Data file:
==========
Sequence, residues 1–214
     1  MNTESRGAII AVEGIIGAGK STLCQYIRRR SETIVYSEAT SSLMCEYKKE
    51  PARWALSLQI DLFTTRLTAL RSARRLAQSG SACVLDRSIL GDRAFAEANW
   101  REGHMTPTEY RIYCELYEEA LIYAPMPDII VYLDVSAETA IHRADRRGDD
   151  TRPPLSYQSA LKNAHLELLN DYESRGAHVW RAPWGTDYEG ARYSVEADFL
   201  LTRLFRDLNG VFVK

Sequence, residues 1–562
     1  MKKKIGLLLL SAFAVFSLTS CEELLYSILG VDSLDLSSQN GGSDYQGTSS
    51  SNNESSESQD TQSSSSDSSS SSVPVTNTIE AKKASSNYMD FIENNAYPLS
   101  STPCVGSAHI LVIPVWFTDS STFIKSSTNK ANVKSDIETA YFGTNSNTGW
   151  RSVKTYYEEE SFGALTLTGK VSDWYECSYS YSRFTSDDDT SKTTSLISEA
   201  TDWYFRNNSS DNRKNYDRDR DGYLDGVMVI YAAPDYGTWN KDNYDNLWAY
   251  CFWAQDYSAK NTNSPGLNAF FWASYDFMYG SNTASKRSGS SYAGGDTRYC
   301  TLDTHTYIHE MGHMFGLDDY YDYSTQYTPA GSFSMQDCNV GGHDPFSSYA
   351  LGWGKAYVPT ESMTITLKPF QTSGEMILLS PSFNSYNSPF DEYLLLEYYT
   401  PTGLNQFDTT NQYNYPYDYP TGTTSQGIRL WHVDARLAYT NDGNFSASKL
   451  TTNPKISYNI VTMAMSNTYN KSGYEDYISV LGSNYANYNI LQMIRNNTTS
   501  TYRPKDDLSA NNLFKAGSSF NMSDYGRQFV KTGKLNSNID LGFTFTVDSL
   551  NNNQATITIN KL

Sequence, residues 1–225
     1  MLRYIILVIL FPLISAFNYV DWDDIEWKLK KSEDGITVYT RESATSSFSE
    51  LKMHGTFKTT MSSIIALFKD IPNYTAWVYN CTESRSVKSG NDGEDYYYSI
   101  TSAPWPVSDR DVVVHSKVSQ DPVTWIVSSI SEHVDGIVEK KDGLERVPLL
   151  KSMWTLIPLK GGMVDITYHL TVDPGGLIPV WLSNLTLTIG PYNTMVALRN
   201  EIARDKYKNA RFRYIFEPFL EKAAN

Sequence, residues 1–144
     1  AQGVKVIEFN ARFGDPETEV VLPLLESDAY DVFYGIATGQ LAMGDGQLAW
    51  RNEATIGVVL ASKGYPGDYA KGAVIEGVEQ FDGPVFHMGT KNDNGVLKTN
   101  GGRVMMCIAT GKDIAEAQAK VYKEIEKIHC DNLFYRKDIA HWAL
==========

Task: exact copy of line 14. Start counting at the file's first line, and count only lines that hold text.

   301  TLDTHTYIHE MGHMFGLDDY YDYSTQYTPA GSFSMQDCNV GGHDPFSSYA